Who Appealed to Non-College Voters in the Midterms?
As Democrats’ coalition has evolved to rely heavily on college-educated voters, they have also been hemorrhaging support from voters without college degrees. They have been losing significant ground with white non-college educated voters since the Obama years, and in more recent elections, they have lost support with non-college voters of color as well.
In 2022, Democrats’ unexpected overperformance compared to historical precedents obscured their continuing struggles with voters without a four-year college degree. Because midterm-year electorates tend to be more highly college educated than those in presidential years, Democrats have had stronger than expected showings in recent midterm cycles. But looking to 2024, Democrats will need to increase their support with non-college voters in several states in order to hold the presidency and maintain their Senate majority.
A few Democratic candidates were able to overperform with non-college voters in 2022, and their campaigns offer a roadmap for future Democratic outreach. These candidates appealed to non-college voters without alienating college graduates, and they overperformed with white non-college voters and non-college voters of color at the same time. Their campaigns rejected false choices between voter groups and made successful pitches to groups who nationally are trending away from Democrats.
A number of candidates in competitive races overperformed Biden’s margins with non-college voters in their states in 2022. These candidates offer a glimpse at how Democrats can increase their appeal—or at least stop the bleeding with this crucial voter group.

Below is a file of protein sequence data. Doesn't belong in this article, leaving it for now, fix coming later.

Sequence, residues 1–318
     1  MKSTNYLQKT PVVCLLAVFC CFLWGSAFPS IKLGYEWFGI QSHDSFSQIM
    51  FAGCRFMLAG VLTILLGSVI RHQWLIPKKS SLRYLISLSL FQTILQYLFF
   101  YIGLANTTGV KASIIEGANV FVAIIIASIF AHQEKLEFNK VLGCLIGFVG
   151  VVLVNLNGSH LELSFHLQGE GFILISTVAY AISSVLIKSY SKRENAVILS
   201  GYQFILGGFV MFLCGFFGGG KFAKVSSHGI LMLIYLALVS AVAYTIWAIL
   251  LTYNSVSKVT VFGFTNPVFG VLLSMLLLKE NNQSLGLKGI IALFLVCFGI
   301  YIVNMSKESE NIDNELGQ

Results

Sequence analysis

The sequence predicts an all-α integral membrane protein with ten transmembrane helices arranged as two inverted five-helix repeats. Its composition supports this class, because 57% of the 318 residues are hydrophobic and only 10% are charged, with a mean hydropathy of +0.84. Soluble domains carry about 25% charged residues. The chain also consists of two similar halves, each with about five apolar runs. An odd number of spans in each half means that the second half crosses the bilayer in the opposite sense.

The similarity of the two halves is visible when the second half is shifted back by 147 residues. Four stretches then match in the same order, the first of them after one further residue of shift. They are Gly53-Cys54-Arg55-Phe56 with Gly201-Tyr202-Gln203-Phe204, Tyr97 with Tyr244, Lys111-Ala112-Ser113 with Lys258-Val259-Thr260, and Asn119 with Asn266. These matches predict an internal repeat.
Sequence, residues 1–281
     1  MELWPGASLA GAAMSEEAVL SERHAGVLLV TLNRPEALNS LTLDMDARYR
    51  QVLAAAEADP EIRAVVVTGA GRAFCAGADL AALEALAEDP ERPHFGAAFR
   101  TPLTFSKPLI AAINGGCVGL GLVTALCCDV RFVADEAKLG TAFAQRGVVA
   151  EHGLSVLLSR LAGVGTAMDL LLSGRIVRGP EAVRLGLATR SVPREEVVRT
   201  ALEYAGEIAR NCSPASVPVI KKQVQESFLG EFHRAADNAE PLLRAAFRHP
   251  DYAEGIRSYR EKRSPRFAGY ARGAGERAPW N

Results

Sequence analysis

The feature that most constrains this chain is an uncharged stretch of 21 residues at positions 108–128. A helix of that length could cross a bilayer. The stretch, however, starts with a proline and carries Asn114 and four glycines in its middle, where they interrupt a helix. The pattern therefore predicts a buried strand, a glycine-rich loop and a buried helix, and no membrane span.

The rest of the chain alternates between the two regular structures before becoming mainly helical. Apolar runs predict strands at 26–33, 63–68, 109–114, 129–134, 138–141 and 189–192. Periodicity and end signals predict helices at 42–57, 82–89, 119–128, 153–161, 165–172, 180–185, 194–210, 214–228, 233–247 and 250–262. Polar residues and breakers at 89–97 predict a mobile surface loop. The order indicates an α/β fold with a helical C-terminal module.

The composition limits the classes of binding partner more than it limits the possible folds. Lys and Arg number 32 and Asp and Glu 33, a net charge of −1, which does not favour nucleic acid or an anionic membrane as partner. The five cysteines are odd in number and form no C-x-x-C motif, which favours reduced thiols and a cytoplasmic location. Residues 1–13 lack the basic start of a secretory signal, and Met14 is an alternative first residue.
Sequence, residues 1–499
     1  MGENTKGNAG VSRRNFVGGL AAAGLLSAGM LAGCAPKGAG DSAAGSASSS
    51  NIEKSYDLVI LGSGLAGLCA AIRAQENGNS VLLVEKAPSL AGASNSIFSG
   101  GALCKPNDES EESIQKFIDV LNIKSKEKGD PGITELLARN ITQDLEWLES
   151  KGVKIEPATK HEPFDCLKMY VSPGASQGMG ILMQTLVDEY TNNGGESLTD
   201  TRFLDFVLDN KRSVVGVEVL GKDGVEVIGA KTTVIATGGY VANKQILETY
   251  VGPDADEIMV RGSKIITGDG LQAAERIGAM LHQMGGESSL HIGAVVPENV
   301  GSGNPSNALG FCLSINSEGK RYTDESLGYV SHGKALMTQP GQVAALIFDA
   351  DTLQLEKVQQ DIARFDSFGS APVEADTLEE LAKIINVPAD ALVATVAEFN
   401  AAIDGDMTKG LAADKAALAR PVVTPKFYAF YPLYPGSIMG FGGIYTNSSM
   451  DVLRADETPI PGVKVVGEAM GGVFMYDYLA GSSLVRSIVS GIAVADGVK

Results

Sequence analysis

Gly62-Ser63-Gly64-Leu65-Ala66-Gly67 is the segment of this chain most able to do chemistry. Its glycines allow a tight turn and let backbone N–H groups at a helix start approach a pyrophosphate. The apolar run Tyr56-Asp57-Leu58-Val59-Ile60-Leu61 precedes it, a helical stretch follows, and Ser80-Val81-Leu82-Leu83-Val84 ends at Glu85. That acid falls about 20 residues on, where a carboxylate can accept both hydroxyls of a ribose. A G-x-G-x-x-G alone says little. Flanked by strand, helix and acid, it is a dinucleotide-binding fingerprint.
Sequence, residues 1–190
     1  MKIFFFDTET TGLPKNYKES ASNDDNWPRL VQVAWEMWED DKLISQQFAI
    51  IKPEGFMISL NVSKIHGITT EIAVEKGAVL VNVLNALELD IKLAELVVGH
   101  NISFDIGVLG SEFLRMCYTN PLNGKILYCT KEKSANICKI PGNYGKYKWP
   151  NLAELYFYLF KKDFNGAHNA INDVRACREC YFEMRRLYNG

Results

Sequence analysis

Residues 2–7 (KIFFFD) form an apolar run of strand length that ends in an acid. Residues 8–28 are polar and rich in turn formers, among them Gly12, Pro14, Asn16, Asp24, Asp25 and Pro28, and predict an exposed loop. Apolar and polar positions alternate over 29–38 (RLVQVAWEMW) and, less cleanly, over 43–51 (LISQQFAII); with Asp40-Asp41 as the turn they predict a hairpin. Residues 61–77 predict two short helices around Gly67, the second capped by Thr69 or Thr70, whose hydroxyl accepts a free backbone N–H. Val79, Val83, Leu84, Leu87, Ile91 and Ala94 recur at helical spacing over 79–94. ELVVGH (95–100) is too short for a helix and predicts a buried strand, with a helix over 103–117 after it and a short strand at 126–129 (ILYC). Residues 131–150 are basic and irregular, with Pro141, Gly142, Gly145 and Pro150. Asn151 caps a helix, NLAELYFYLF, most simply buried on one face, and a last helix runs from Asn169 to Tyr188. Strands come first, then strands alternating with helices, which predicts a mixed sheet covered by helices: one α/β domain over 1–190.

Overperforming candidates include Tony Evers, Gretchen Whitmer, Josh Shapiro, John Fetterman, and Tim Ryan. These five candidates overperformed Biden’s margins with white non-college voters, and four also bested his performance among non-college voters overall in their states (all except Evers, who tied it). Among white non-college voters, Raphael Warnock and Mark Kelly held steady with Biden’s level of support in 2020, though they both slightly underperformed his margin with non-college voters overall.
While at first glance Senator Warnock’s 22% support from white non-college voters might appear paltry, this performance actually marks a striking success. White non-college educated voters in Georgia are overwhelmingly conservative, and Warnock’s ability to maintain Biden’s 22% support with these voters, particularly as a Black candidate facing built-in disadvantages with southern white voters, is notable. His success is a testament to his hard work establishing credibility and support among swing voters across the state.
Mark Kelly’s performance is also notable, as he managed to hold support nearly constant in a state where non-college voters are heavily Latino, while other Democrats continued to lose support with Latino voters in many regions of the country.
What will Dems need in 2024?
To build a winning coalition in key Senate and Electoral College states in 2024, if the electorate looks similar to 2020, Democrats will need to appeal to a big slice of non-college graduates. Below is an overview of the targets Democrats will need to hit with white non-college voters and non-college voters overall, in order to hit 50% statewide.